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From "Cliff Schmidt" <>
Subject RE: What to do with FTPServer and AltRMI
Date Thu, 04 Nov 2004 00:50:48 GMT
Adding my $0.02.  IANAL, just a guy who deals with this stuff a 

Stefano Mazzocchi wrote on Wednesday, November 03, 2004 10:11 AM:

> J Aaron Farr wrote:
>> Let's say a group of developers bring an LGPL'd project to Apache
>> called JExample from
> Ok.
>> So they convert the license to ASL 2.0 and
>> go through all the other hoops but after six months or so, things
>> have stalled and it's apparent the project isn't ready for the ASF. 
>> Now what? Can they take the code and the name JExample and just
>> return to SourceForge?
> With the code they owned before entering incubation they can do
> whatever the want at any point in time and with any project.

This is true if they continue to own the copyright to the code.
If they transferred ownership of copyright to the ASF for some reason, 
then they would only be able to do what is described in the Apache 
License.  Today, contributions to Apache do not require any transfer
of copyright ownership.

I only mention this to point out what would happen if the ASF ever
changed the current policy from having code simply licensed to the 
ASF (as described in the Contributor License Agreement and Software
Grant) to requiring transfer of ownership to the ASF.  If the latter
ever happened, you'd be limited to what everyone else can do with the
code under the Apache License, even if it was 100% written by you
before ever approaching Apache.

>> What about code that was contributed during Incubation?
> They would have to obtain a license from the ASF to use that code, or,
> in alternative, a license from each invididual contributor. Since that
> license comes along with the files, if they like that license, they
> are set.
> If they don't, they either have to have that code relicensed to them
> by each and every individual contributor or ask the ASF for licensing
> that code under another license (and that is very unlikely to happen,
> as Metro discussions showed).

For all code contributed by the same group of developers, whether 
during incubation or any time afterwards, the same answer applies as
I stated above.  They still own their code.  They can relicense it
however they like; they just can't revoke the rights that they gave 
the ASF. 

For code contributed by other developers, they would be able to do
whatever is allowed by the Apache License, which would include moving
it into another open source project, as long as the requirements to
include a copy of the Apache License and to note the origin and any
modifications are observed (see the license for the complete set of
requirements).  As Stefano stated, if someone wanted something 
beyond what the Apache License allows, permission from the copyright 
holder(s) would be needed.

Of course, if the community of developers is strong and diverse,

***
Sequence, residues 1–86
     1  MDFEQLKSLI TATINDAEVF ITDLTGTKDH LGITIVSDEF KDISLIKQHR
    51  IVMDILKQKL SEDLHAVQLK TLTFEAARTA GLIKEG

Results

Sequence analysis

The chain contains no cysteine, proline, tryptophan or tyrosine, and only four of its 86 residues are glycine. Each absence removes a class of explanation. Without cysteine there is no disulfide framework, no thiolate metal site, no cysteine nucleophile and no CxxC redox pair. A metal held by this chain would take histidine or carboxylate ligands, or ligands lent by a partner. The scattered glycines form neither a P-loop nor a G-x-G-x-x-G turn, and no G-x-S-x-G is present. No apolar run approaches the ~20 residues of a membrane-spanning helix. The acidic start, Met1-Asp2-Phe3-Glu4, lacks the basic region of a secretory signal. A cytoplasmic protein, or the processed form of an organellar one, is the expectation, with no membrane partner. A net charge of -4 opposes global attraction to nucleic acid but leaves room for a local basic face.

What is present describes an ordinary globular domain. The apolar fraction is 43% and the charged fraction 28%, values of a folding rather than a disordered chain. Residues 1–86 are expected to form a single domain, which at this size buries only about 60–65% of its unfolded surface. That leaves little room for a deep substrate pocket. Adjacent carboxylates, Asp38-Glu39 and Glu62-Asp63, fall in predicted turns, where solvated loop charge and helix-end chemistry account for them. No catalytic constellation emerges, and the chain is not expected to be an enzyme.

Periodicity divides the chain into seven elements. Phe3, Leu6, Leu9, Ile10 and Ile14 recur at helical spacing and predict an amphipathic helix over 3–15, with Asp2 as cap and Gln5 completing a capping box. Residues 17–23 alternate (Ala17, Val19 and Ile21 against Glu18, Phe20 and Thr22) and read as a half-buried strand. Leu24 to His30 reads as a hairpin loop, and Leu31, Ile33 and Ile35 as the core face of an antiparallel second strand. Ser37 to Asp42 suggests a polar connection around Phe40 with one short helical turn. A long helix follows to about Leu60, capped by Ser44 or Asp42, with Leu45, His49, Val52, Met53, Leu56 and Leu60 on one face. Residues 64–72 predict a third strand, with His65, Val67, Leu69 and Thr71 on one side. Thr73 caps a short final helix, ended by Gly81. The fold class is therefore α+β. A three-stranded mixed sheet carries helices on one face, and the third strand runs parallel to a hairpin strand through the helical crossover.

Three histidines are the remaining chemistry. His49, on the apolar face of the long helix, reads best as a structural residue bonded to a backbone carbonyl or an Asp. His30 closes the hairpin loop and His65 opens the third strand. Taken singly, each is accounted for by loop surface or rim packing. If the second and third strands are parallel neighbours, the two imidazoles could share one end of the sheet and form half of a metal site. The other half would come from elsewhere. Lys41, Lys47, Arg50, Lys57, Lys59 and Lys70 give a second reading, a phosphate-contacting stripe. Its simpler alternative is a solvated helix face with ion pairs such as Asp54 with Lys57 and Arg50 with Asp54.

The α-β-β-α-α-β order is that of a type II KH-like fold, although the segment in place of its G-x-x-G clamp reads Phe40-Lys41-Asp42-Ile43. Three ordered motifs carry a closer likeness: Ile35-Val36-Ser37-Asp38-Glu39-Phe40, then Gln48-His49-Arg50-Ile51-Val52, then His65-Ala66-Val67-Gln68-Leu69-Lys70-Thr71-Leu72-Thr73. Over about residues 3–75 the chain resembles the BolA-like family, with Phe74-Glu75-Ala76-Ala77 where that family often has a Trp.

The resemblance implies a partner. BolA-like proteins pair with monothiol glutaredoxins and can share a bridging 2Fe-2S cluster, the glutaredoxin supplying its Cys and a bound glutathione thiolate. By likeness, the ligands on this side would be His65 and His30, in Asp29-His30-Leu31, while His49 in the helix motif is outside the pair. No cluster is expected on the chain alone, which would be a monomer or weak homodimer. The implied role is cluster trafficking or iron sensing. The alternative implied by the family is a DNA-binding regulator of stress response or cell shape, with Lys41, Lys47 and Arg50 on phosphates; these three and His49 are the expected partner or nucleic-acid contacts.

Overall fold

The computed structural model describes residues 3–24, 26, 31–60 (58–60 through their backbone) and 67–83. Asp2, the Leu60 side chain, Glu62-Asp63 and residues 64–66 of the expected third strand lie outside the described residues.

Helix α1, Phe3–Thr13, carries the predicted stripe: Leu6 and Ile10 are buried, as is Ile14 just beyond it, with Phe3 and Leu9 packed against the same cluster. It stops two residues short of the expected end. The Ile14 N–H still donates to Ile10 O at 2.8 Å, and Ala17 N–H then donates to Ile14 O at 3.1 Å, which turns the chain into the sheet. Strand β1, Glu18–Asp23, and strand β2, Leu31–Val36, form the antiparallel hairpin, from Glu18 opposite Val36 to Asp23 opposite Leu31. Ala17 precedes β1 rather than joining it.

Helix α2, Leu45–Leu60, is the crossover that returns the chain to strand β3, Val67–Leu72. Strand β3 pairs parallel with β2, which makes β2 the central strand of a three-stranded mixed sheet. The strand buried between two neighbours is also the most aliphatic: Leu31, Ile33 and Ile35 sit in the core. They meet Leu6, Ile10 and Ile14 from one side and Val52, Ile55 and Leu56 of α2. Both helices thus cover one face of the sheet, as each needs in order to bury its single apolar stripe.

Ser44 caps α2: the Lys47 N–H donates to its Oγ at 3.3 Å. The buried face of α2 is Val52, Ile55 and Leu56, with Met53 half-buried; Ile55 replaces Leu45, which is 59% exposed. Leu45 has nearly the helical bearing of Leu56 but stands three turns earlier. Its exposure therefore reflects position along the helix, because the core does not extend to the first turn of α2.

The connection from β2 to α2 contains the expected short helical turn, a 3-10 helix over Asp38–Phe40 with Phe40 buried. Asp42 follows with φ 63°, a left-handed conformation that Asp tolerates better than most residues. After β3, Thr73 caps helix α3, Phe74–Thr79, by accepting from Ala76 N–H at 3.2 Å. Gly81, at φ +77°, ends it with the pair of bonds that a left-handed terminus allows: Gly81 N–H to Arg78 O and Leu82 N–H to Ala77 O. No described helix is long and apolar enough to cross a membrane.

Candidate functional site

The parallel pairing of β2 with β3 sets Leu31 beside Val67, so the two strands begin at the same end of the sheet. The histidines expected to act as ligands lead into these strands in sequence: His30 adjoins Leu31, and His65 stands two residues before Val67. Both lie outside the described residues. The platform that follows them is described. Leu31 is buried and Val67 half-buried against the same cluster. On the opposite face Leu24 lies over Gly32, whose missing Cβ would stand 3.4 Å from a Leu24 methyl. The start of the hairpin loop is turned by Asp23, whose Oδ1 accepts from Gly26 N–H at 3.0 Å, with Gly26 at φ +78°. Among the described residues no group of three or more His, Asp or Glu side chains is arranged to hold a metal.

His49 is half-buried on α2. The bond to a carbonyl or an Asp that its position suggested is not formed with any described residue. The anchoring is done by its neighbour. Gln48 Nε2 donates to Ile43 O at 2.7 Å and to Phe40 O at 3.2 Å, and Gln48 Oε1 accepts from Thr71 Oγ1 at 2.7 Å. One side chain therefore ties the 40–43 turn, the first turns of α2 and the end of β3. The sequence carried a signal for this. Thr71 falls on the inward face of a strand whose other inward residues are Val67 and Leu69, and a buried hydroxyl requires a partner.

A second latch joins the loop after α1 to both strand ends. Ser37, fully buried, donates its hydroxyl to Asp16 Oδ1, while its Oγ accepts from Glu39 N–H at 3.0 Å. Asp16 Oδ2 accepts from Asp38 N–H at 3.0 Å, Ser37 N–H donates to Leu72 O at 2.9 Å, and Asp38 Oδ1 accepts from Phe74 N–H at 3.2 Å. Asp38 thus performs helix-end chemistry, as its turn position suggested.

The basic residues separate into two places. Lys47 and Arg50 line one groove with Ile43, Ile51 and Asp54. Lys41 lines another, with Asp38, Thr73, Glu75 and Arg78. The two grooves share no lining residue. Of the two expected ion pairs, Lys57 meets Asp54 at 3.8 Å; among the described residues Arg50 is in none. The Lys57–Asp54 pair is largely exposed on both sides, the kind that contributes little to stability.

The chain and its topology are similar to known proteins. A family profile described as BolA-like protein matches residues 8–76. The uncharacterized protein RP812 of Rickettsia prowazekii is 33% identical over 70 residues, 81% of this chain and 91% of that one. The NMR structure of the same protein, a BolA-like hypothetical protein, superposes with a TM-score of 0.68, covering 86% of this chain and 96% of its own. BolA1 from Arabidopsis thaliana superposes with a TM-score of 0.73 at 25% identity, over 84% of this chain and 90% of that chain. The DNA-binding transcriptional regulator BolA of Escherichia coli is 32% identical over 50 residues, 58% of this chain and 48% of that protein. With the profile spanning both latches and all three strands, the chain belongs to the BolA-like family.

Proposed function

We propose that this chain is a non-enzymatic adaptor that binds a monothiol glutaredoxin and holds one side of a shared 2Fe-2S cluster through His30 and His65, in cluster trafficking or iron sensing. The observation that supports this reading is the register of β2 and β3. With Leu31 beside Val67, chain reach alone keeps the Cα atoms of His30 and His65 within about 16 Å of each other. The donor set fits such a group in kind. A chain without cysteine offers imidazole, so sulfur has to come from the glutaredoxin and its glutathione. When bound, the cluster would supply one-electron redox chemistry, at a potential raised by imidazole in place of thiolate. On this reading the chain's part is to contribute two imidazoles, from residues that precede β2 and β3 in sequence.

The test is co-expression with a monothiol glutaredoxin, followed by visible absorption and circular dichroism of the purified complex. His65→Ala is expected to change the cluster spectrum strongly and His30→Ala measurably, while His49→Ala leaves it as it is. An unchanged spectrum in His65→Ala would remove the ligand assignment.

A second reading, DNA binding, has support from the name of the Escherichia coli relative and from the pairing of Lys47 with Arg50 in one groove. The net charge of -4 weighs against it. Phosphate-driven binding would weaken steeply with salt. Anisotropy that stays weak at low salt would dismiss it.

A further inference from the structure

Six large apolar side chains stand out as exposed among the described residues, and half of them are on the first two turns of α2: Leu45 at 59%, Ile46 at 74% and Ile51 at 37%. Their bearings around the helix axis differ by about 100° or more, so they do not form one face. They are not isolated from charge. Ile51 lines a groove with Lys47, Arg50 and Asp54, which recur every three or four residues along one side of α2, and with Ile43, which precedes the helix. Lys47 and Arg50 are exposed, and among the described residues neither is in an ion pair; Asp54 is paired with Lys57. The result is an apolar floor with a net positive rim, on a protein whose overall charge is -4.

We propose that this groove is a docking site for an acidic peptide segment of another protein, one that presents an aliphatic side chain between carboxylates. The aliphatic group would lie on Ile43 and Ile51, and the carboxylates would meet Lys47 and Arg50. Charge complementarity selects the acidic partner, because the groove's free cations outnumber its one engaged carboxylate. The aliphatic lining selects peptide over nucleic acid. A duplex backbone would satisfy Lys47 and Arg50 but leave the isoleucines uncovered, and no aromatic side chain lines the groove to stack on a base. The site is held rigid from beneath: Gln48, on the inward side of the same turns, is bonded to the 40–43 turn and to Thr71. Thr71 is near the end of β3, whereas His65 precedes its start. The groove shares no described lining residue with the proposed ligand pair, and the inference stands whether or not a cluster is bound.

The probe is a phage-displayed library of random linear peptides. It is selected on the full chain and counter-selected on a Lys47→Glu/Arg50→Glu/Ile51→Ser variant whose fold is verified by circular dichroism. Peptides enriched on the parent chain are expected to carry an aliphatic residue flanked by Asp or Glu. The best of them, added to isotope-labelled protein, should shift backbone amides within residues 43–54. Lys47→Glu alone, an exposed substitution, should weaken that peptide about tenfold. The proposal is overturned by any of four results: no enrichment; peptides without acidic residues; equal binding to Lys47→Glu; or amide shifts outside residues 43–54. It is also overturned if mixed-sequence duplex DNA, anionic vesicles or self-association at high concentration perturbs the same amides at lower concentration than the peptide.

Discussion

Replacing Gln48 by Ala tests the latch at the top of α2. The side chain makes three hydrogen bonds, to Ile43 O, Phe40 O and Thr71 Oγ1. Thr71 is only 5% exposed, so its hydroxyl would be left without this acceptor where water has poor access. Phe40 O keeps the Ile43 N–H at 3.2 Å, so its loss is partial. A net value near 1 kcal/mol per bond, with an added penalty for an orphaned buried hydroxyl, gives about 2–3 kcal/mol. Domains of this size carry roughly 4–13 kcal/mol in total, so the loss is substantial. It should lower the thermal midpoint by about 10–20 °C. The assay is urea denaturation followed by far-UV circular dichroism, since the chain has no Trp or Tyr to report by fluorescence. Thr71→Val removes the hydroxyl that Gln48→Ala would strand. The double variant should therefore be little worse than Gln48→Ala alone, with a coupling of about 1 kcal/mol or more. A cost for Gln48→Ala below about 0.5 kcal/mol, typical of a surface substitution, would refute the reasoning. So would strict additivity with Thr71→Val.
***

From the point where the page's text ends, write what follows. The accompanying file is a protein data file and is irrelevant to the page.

there will probably be a lot of code that is contributed by others,
including patches that get incorporated into files that used to be
completely owned by the original developers.  So, you still own your 
own contributions, but you might not own the latest version of a 
particular file if someone else has contributed their patches to it.  
Note that this applies to contributions checked in by other 
committers as well as patches sent in by non-committers.

>> Or switching back to the LGPL?
> see above: they can do whatever they want with the code they own,
> including relicensing. But for code that others own, they need a
> license that allows them to put them under the LGPL. The ASF licenses
> code only under the apache license. So, if you want another license,
> you have to go to each contributor one by one and have that
> relicensed to you under terms that allow you to do the LGPL. Or, of
> course, rewrite those parts yourself.

Even without getting another license, code from Apache can still
be included within products licensed under a different license as 
long as that license doesn't conflict with the requirements of the
Apache License.  For the issues around including Apache-licensed code
inside an LGPL or GPL project, see

Otherwise, as Stefano says above, you would need to get the copyright
owners to give you a license that is compatible with (or identical 
to) the license you would like to use.

>> What if it wasn't open source before?
> Same thing, the terms of the new licensing scheme you are
> transitioning to don't matter.
>> I'm
>> not sure if we have policies in place for this yet.  If so, would
>> someone please point them out?
> I don't think the incubator has a policy/guideline for "failed
> incubation", but I agree that having one would be useful, if only to
> give people an idea.
> Note that while copyright of the code is not transferred to the ASF
> but only licensed by the original contributors, the trademarks and
> licensing rights are, thru the CLAs.
> Whether or not we (the ASF) wants to give back trademarks on the name
> to the original contributor is, IMHO, something that should be
> decided case by case.

I don't know exactly what trademarks that the ASF owns, but I bet they
are limited to words like "Apache" and "Apache Software Foundation", 
and maybe images like the Apache feather.  So, I don't think any 
individual project at Apache has its own trademark.  The JExample 
project you referred to wouldn't have its own trademark unless the
original developers applied for one.  What is clear is that no open 
source project can include "Apache" in the name of their project 
without permission of the ASF.  So, I don't know why the incubating
"Apache JExample" project couldn't depart incubation, move back to and call itself "JExample".


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